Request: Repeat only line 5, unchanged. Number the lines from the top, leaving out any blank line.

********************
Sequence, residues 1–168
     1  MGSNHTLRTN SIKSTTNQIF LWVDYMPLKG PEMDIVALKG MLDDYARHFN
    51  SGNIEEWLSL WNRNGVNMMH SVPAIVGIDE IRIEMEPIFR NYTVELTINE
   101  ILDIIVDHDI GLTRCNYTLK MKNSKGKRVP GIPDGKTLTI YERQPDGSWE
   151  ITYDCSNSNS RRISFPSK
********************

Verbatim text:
   151  ITYDCSNSNS RRISFPSK